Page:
• 1, 2 The plaintiff admits that her complaint was not brought within two years of the stillbirth of the decedent. She submits, however, that her complaint was timely filed pursuant to the "discovery rule" found in section 21.1 of the Limitations Act (Ill. Rev. Stat. 1979, ch. 83, par. 22.1). The discovery rule as applied to medical malpractice cases means that the cause of action does not accrue in the sense of triggering the statute of limitations until the plaintiff learned of her injury or should have learned of it. (Lipsey v. Michael Reese Hospital (1970), 46 Ill.2d 32, 262 N.E.2d 450; Anderson v. Wagner (1979), 79 Ill.2d 295, 402 N.E.2d 560; Witherell v. Weimer (1981), 85 Ill.2d 146, 421 N.E.2d 869.) In those situations in which the plaintiff neither knew nor had reason to know of the injury at the time it occurred, litigation can be commenced beyond the normal two-year statutory period if it is initiated within the four-year outer limit set forth in the statute. Thus the definition of the term "injury" becomes critical. In those cases where substantial intervals exist between the time at which a plaintiff should have known of the physical injury and the time at which she should have known that it was negligently caused, the definition of "injury" as including or excluding its wrongful causation is significant. Witherell v. Weimer (1981), 85 Ill.2d 146, 155, 421 N.E.2d 869, 873.

Because the statute of limitations starts to run when a person knows or reasonably should know of his injury and also knows or reasonably should know that it was wrongfully caused, the burden falls upon the injured person at the time of discovery of the injury and causation, to inquire further as to the existence of a cause of action. (United States v. Kubrick (1979), 444 U.S. 111, 62 L.Ed.2d 259, 100 S.Ct. 352.) If the time at which an injured party knows or reasonably should have known both of his injury and that it was wrongfully caused is a disputed question, it is to be resolved by the finder of fact. (Lipsey v. Michael Reese Hospital (1970), 46 Ill.2d 32, 262 N.E.2d 450.) If only one conclusion can be drawn from the undisputed facts, the question of the timeliness of the plaintiff's complaint becomes one for the court. Berry v. G.D. Searle & Co. (1974), 56 Ill.2d 548, 309 N.E.2d 550.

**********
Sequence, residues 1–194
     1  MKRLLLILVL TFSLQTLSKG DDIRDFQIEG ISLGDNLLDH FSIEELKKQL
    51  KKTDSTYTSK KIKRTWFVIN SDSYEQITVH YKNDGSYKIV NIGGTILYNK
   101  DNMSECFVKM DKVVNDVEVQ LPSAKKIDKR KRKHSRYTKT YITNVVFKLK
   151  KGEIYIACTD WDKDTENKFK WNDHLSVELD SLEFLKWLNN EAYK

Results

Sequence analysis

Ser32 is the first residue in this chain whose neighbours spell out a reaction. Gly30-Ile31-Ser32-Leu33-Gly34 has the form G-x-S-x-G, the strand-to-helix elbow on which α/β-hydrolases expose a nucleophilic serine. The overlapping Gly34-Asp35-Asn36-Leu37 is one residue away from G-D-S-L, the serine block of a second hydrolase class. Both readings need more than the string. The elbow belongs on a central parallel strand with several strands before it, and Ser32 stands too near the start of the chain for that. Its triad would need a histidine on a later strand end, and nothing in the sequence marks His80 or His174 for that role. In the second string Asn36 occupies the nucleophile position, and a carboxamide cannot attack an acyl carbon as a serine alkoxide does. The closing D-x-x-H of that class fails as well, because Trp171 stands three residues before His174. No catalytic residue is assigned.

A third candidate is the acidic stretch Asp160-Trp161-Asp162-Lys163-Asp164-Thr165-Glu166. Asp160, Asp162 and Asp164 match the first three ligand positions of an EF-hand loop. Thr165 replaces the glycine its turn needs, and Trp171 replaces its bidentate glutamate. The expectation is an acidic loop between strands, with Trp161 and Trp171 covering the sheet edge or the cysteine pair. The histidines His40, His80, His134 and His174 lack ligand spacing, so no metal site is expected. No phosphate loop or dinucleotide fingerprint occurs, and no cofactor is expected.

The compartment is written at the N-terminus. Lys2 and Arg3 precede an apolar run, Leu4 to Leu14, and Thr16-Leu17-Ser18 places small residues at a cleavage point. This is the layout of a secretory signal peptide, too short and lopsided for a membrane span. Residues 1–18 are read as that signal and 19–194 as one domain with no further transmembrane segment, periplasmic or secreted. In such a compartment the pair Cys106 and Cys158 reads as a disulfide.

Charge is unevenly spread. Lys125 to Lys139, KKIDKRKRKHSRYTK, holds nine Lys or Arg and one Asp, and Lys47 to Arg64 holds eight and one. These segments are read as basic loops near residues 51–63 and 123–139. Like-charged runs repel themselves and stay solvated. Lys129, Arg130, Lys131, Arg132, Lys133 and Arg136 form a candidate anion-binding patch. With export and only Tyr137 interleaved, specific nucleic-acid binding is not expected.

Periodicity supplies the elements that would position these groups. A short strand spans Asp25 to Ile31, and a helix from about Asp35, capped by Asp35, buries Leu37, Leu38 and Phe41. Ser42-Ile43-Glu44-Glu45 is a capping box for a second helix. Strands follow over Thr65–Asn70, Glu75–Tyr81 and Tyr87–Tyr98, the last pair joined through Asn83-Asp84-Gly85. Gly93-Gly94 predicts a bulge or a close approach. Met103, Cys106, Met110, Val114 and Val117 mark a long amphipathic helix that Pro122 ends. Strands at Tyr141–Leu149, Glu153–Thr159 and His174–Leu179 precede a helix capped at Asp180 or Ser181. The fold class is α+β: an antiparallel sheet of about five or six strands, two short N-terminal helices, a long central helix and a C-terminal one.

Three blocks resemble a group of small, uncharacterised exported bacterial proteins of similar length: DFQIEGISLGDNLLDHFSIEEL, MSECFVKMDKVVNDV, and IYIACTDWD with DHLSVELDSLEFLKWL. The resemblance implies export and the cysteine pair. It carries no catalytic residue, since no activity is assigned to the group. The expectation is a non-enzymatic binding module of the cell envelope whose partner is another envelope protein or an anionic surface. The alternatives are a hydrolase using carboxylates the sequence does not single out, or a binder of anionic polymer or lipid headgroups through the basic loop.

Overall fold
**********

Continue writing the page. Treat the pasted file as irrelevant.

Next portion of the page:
• 3 In the case at bar, the plaintiff's injury occurred in May 1978 with the stillbirth of her daughter, Shawna Renae Lutes. The plaintiff alleges in her complaint that she did not learn of the wrongful causation of that injury until July 1980, when her sister embarked upon a nursing course and determined that morphine should not be administered to a pregnant woman. Thus, the question before us is whether the plaintiff's belated discovery of the alleged wrongful causation of her injury is reasonable. We agree with the lower court's finding that it is not. Certainly, the stillbirth of a child is a sudden, traumatic event which should prompt some investigation by the injured party and trigger the application of the discovery rule. (Berry v. G.D. Searle & Co. (1974), 56 Ill.2d 548, 309 N.E.2d 550.) In contrast, where the injury is one with an insidious onset for which a date of injury cannot be fixed, particularly by a layman, the discovery rule is not applied to bar a cause of action brought more than two years after the injury occurs. (Nolan v. Johns-Manville Asbestos (1981), 85 Ill.2d 161, 421 N.E.2d 864; Witherell v. Weimer (1981), 85 Ill.2d 146, 421 N.E.2d 869.) The fortuitous circumstance of the plaintiff's sister starting a nursing career more than two years after the stillbirth of the plaintiff's daughter does not indicate reasonable behavior on the part of the plaintiff such as would have extended the statute of limitations date beyond the normal two-year period.

For the foregoing reasons, the judgment of the circuit court of Bureau County is affirmed.

Affirmed.

ALLOY and SCOTT, JJ., concur.

19830113